Educator, Activist, California State Assemblyman 1970-1992
By Paul Chacon
Peter Chacon served in the California State Legislature from 1970 until his retirement in 1992 representing the urban core of San Diego. Upon his election, he became only the second Latino legislator elected to State of California public office in the past (100) years. Together with Alex Garcia, they formed the California Latino Legislative Caucus with a membership of just two.
Peter was born in Phoenix, Arizona on June 10, 1925 to Severita and Petronilo Chacon. His father had served as a commander in Poncho Villa’s revolutionary army and he passed on to his family the passion and determination to fight for what they believe in and to defend the rights of those who can’t defend themselves.
He was raised with three older sisters and three younger brothers as they grew up in relative poverty during the Great Depression. As a child, he used to gather cardboard boxes and loose wood for his mother to use for cooking in their wood burning stove. As a teenager, he shined shoes and parked cars in downtown Phoenix to help support his large family.
In 1943, at the age of (18), he enlisted in the US Air Force and served his country as a Ball Turret Gunner on a B-17 Flying Fortress. While serving in the European theatre, he flew (35) successful missions over Germany. On one such flight, his plane was hit and forced to crash land on a small island off the Italian coast where they were subsequently rescued. After two years of wartime service, he was honorably discharged and returned home to a hero’s welcome.
As a result of the GI Bill, Peter was able to qualify and pay for a college education, becoming the first in his family to attend college. He enrolled in San Diego City College and ultimately San Diego State University where he earned his BA degree in education with a teaching credential in 1953 and an MA degree in school administration in 1960.
He is a lifelong member of Phi Delta Kappa, an honorary education fraternity. He accepted his first teaching assignment in Vista, CA. where he soon discovered Spanish speaking children were not taught to speak English but simply relegated to mentally retarded classes and shunned from the general school population.
The injustice in the manner these Spanish speaking children were treated led to many years of frustration with the educational system, until he decided in 1969 to run for the office of State Assembly representing the 79th District and to change the education system from the inside out.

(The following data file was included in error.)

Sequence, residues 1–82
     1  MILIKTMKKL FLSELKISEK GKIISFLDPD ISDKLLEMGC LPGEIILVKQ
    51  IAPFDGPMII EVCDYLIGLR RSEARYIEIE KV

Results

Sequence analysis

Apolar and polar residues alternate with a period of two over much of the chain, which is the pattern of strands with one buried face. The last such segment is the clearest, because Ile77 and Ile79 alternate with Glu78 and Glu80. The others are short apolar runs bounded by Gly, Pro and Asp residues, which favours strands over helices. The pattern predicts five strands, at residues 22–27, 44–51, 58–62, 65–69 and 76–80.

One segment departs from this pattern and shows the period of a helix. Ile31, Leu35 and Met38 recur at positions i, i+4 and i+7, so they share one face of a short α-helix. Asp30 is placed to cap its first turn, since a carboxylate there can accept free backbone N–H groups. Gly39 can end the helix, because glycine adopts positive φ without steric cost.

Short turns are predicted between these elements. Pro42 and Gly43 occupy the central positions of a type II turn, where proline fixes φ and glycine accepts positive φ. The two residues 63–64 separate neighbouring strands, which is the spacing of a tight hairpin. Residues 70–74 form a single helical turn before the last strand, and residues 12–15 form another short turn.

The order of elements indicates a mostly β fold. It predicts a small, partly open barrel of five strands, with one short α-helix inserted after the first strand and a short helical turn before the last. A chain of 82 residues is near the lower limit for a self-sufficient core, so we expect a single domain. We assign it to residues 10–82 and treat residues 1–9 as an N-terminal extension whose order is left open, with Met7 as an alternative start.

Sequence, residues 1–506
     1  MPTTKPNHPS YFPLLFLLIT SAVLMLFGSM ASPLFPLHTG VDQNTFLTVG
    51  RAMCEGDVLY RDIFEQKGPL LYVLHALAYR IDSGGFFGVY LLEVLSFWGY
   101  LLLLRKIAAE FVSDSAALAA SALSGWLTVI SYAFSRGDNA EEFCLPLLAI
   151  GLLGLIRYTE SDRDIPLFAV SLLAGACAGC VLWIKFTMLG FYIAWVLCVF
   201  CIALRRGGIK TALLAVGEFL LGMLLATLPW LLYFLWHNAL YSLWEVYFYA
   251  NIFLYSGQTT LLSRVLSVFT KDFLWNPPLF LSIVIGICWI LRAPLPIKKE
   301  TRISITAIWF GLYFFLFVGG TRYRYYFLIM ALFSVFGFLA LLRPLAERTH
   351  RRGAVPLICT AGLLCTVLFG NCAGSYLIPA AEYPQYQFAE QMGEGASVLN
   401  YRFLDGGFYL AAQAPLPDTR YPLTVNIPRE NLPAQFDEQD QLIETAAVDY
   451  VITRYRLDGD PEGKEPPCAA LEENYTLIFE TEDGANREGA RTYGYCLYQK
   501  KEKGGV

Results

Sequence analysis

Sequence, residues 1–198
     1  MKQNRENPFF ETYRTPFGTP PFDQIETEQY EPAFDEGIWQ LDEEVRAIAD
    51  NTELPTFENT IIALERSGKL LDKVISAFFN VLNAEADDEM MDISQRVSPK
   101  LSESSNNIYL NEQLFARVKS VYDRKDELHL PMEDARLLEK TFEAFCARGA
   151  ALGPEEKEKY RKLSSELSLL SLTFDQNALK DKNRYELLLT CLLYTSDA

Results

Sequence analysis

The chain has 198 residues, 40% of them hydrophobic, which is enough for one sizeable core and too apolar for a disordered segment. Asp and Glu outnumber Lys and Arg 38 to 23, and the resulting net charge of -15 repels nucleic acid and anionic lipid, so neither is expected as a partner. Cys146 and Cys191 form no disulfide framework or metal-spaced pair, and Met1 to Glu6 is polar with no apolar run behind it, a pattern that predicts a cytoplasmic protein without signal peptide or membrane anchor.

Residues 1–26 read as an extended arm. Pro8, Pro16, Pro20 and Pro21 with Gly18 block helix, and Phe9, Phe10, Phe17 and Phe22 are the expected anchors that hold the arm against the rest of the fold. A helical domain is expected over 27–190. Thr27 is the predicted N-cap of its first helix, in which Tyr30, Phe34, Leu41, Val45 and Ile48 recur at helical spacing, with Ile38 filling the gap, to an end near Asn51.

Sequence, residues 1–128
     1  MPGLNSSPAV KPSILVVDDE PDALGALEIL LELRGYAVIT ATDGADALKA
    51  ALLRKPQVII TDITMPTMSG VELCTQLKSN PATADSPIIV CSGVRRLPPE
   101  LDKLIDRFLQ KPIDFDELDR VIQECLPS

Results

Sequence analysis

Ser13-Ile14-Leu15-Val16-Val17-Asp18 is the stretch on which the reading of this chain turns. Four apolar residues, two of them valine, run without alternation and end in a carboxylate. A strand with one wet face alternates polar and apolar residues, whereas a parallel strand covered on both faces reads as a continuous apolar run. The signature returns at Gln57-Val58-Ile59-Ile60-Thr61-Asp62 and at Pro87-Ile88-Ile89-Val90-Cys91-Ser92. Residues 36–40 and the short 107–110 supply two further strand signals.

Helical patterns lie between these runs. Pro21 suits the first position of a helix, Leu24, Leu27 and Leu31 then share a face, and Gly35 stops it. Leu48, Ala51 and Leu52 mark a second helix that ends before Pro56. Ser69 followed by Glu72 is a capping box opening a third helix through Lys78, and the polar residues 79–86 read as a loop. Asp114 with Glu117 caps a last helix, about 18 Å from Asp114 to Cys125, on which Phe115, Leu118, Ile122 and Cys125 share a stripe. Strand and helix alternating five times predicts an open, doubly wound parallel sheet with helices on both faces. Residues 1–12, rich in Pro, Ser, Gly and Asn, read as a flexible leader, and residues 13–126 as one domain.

Peter took a leave of absence from teaching in order to devote an entire year to campaign for the position. He cashed in his teachers retirement and sold his home, the only property he had ever owned and spent every nickel he had on that first campaign. By the grace of God and much hard work by an army of empowered volunteers throughout 1970, he won his first attempt at public office in a surprise upset over a popular incumbent.
At that time, the population of the 79th Assembly District was only (8%) Latino. Despite these odds, he not only won once, but he continued to campaign and run for reelection every two years thereafter. Throughout his entire (22) year career in public office, he never lost an election and retired undefeated.
Chacon is best known for his authorship of legislation creating the California Housing Finance Agency, the Rural Housing Development Program and the landmark Bilingual/Bicultural Education Program for the State’s more than 230,000 limited English speaking students.
He is often called the “Father of Bilingual Education” for his monumental and innovative work in the field while several states with large concentrations of limited English speaking students have passed their own Bilingual Education legislation patterned after his California model.
1968 was a tumultuous year for the minority community in San Diego and Peter saw the need for the Latino community to be organized as one voice so their voice was clearly heard. Along with two others, he founded the Chicano Federation and served as its first Chairman and Executive Director. One of the first accomplishments of the federation was the creation of Chicano Park in the Barrio Logan community.
Upon his retirement from politics in 1992, Peter and his wife Jean were living in Placerville, CA and devoted themselves to teaching English to Spanish speaking farm workers and Spanish to English speaking members of their church congregation. For many Spanish speaking Latinos, he translated legal documents and taught classes to become an American citizen.